Two other areas about carers will need careful scrutiny as the Bill goes through and I hope that the Minister will comment on these. The first is the issue of young carers, as has already been mentioned. The Joint Committee that scrutinised the legislation called for amendments to ensure that young carers get equal rights to assessments and support in law, both in this Bill and the Children and Families Bill currently before Parliament. The Government have made some limited changes that mean that where a young person receiving care is in transition between children's and adult services, the circumstances where they or a young carer would be covered by provisions in the Bill would ease this transition.

However, the changes do not alter the fact that young carers will have lesser rights to assessment and support than adults caring for adults. The same thing

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will apply to parent carers, because we have to ensure that parent carers—those who look after disabled children—do not also end up with lesser rights, because the changes made for carers, and we hope for young carers, are very positive. Parent carers now have an imbalance of rights because they are not included, and we shall need to give this careful attention as the Bill proceeds.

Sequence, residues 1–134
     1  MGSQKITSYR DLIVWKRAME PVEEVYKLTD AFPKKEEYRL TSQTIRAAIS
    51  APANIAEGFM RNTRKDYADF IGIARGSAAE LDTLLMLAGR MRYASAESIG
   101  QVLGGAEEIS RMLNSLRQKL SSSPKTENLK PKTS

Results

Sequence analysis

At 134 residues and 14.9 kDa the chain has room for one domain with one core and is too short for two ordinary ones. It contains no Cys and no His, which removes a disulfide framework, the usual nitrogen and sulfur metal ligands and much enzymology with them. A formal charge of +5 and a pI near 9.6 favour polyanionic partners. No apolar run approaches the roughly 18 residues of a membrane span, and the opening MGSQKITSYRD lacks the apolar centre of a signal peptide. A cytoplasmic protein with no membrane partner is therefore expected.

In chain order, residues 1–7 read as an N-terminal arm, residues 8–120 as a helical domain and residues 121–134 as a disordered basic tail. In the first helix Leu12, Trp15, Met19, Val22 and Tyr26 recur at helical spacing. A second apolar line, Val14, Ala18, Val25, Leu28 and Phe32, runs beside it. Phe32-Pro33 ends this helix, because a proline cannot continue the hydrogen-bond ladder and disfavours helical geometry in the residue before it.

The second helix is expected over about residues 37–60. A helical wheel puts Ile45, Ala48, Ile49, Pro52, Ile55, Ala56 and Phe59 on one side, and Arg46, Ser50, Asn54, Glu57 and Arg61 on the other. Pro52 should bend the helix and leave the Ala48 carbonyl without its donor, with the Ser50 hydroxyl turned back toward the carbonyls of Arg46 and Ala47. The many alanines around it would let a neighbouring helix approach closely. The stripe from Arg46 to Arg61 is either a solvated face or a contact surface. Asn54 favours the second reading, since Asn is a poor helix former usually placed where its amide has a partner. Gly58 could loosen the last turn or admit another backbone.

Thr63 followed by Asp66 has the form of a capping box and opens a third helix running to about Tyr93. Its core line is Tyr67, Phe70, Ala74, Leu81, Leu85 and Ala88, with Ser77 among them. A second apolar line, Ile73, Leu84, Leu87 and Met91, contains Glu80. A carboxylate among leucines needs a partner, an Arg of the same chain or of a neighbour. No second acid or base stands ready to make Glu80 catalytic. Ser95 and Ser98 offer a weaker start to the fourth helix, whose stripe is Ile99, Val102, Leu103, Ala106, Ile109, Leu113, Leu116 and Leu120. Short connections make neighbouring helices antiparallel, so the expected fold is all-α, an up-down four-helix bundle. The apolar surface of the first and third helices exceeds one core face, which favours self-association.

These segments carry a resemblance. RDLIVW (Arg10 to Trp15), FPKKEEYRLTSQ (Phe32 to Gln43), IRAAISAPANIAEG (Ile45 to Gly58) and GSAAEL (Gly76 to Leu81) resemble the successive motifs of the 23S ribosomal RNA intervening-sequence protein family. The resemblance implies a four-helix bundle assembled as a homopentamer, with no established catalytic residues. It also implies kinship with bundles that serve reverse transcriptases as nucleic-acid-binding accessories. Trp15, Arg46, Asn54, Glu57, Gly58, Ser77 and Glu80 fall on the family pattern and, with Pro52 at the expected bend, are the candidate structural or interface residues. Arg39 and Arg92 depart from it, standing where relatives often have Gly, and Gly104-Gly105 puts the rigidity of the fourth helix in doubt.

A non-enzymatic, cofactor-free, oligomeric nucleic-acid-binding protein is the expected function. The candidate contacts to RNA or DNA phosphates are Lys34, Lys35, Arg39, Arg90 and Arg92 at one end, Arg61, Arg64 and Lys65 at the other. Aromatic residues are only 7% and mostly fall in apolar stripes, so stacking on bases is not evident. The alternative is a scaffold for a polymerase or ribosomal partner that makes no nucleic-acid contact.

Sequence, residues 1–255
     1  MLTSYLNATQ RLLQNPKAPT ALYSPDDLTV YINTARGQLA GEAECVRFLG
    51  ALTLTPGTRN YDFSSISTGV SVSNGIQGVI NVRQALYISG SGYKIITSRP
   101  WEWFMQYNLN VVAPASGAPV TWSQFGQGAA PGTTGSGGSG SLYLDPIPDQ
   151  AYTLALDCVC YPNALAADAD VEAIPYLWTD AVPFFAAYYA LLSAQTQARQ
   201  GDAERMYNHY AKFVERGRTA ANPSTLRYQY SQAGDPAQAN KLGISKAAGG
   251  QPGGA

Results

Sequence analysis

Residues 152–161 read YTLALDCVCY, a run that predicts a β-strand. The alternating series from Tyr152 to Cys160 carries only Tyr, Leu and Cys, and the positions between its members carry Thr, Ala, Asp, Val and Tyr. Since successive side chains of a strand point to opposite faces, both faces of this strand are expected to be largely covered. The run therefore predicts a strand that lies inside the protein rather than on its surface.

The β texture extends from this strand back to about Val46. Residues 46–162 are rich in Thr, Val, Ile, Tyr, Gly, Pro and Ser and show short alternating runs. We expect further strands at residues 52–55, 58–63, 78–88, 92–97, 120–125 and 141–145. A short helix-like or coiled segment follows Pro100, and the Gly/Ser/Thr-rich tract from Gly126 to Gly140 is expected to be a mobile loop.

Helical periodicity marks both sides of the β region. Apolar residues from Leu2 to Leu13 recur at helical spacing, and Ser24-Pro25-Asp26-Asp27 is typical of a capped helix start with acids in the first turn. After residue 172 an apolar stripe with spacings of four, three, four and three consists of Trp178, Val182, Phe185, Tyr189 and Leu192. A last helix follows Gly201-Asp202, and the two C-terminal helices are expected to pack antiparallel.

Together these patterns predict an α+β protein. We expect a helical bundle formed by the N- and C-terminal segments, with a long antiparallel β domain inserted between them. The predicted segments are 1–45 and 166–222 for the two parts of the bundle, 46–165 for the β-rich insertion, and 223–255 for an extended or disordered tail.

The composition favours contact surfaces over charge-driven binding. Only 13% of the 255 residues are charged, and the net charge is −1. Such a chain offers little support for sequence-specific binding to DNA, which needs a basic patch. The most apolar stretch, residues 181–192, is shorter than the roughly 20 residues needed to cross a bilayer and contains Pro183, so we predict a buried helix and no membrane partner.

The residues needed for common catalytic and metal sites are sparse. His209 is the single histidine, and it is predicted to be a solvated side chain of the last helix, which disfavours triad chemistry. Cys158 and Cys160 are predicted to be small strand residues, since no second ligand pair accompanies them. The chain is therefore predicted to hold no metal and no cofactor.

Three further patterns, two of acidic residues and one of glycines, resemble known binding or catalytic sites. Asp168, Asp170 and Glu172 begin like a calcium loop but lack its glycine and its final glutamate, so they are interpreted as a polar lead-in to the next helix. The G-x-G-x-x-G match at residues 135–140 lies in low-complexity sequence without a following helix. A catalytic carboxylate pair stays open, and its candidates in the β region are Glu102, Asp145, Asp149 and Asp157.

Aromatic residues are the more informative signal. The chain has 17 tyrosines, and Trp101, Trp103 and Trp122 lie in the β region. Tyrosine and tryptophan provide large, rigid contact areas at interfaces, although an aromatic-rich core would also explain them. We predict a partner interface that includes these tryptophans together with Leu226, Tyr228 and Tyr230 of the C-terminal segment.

Others have commented on the Dilnot proposals and I will not do so, except to say that, for many of us, the level of the proposed cap is disappointing. The effects of bringing many who are currently self-funders into the assessment system have not yet been sufficiently recognised.

In conclusion, there is no doubt that the Care Bill has the potential to make major improvements to how social care is delivered. However, we shall have to focus very carefully on several issues, apart from those I have mentioned already, if it is to achieve that potential. I will just list them now. The first is national eligibility criteria and where they are to be set: there is a great deal of anxiety about that. The second is the role of advocacy in helping people negotiate a system which, by the Government’s own admission, is complex and difficult to understand. The Joint Committee thought that advocacy ought to be part of the element of information and advice, but the Government have not accepted that. There is also, of course, the old issue of integration of health and social care, which we all know is so vital; the Government have recently made renewed commitments to such integration. Also under this heading, we need to look at the role of prevention, which is similarly such a vital part of integrated services. There is also the vexed issue of funding, on which I look forward to spending many happy hours. In order to make the vision encapsulated in this Bill a reality, the Government and the nation simply have to make resources available. Not to do so is a false economy and will store up many more problems for the future.